Two seats on Clear Creek ISD’s board of trustees are up for re-election this year: Win Weber and Arturo Sanchez are running to remain on the board in districts 2 and 3, respectively.

The incumbents and Jason Clark, who is challenging Sanchez in District 2, participated in a virtual forum Oct. 8. The forum was hosted by the Clear Lake Area Chamber of Commerce and moderated by Glenn Freedman. William Stromeyer and Michelle Davis, who are vying for the District 3 seat against Weber, did not participate.

When asked why voters should choose them, Weber said her experience as a lawyer and her commitment to lifelong learning set her apart and she became a trustee to improve children’s lives.

“I have shown up and done the work, and I am thrilled with the work that’s coming,” she said.

Clark, who is an educator and also a parent of a special education student, said his livelihood is making decisions in the best interests of students and added he wants to help rebuild trust between district officials and CCISD’s special education community.

Sanchez said he is enrolled in a doctorate program and, in the context of lifelong learning, aims to be a model for both students and community members.

“My commitment ... does not stop with the work that I do on the school board,” he said.

Here is where Weber, Sanchez and Clark stand on issues related to budgeting and future district planning.

Candidates respond

One important aspect of future planning for CCISD will involve the transition to a new superintendent in 2021. The candidates suggested different areas in which the next leader should prioritize their focus.

The next superintendent must be aware of the additional expenditures incurred as a result of COVID-19, especially as they relate to the resources involved with Clear Connections, Sanchez said. Weber pointed to a 2011 curriculum management audit that helped the district work toward a more equitable curriculum and said one focus area for the next superintendent should be applying those same ideals related to equity and access at a student and staff level.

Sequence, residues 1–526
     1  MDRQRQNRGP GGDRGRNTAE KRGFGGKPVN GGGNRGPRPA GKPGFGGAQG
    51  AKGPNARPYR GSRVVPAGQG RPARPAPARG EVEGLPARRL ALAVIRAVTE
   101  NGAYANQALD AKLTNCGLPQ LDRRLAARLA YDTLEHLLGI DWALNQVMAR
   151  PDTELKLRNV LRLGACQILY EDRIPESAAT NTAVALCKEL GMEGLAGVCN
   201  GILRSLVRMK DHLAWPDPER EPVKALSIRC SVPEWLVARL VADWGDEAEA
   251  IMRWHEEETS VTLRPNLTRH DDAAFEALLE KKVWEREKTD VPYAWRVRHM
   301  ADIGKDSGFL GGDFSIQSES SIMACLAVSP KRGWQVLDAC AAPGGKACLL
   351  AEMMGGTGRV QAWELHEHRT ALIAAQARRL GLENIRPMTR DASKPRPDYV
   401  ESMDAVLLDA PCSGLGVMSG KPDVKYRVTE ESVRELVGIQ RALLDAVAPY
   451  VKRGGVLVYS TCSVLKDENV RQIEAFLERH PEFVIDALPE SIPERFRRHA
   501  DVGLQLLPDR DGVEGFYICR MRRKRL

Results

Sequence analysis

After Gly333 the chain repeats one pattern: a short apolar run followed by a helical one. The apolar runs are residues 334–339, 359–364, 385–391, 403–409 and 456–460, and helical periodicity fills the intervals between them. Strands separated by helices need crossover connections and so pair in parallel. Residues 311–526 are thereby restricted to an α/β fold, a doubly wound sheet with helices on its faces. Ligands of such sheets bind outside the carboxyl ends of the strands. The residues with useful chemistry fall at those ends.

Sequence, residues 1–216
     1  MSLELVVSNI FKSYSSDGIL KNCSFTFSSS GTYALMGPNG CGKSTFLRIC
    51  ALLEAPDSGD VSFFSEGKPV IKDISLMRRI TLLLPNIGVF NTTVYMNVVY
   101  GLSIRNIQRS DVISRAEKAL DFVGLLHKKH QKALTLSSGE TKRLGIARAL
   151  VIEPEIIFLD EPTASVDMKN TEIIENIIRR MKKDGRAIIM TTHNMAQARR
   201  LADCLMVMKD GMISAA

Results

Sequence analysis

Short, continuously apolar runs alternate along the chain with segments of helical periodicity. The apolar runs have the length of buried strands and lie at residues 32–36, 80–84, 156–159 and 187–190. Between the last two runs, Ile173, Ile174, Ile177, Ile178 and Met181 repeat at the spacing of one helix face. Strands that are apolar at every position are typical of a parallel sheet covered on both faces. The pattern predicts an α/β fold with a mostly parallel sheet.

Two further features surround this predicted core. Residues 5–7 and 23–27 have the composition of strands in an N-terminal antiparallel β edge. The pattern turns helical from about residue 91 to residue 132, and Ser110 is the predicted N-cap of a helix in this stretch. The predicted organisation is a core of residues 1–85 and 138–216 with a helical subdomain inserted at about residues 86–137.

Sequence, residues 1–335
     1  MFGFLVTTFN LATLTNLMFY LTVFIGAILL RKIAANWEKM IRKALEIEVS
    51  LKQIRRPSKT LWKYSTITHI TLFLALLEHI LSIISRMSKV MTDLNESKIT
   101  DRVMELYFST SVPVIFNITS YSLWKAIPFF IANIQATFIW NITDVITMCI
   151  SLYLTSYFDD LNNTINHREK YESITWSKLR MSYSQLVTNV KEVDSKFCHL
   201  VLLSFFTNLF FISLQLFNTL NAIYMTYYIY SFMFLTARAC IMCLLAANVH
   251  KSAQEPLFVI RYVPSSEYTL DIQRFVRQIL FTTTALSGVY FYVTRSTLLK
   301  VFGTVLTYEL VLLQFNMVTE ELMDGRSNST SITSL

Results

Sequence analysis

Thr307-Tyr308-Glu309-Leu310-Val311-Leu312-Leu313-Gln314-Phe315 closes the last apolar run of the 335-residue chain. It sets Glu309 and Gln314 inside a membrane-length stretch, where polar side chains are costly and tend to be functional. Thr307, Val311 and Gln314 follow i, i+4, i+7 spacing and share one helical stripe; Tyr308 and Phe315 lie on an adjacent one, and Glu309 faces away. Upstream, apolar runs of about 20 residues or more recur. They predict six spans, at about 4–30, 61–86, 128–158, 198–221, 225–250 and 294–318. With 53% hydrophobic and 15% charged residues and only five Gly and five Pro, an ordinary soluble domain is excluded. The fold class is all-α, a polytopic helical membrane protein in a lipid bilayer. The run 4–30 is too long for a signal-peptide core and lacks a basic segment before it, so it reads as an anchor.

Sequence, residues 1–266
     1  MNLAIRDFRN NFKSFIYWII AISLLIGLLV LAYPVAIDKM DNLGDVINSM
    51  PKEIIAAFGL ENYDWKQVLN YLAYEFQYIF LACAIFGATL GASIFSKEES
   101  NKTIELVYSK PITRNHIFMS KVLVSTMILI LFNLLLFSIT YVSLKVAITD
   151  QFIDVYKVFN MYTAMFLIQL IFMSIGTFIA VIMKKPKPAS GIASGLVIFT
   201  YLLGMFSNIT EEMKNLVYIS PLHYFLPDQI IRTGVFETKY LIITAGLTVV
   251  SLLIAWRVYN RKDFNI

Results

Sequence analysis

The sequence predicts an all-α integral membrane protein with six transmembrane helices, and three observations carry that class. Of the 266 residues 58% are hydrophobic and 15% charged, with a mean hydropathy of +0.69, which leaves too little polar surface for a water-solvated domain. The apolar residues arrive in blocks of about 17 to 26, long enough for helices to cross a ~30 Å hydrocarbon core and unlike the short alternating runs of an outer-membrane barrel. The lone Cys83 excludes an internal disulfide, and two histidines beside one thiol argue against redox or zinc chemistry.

Community engagement should be a major focus area for the next leader, Clark said, including finding ways to ensure community members have a voice in planning through forums and feedback sessions. Resources also need to be put into place to improve some of the learning gaps present, he added.

Candidates were asked how, as trustees, they would evaluate the district’s “huge budget” of more than $370 million. All three largely agreed covering the needs of the district’s students and staff takes precedence.

Clark said supporting students’ instructional needs with the appropriate curricula and resources is important in constructing a budget, as is providing teachers with competitive salaries to ensure high retention. Equally as important, he added, are ensuring revenue matches expenses and balancing the budget as much as possible.

In terms of planning, Clark said the district is seeing a greater population of English language learners coming in, which will require adapting teaching strategies and techniques as well as taking the needs of this population into consideration when allocating resources. He disagreed with a statement about defunding programs not measured by state testing: Art and physical education, among other extracurriculars, directly relate to the district’s core values targeting education for the whole student, Clark said.

The first step in budgetary planning is looking at what was done in the previous year, especially as the district has done an “excellent job” managing tight budgets, Sanchez said. Local funding is increasing, and trustees need to ensure those funds directly benefit students, he added.

Budgetary planning should involve looking to the goals and targets set based on strategic planning efforts, then supporting those targets with resources, Weber said. Another factor in both budgetary and general planning is community feedback, which the district details yearly in a community-based accountability report, she said.

“Our community knows what is best for our students and what education looks like,” Weber said.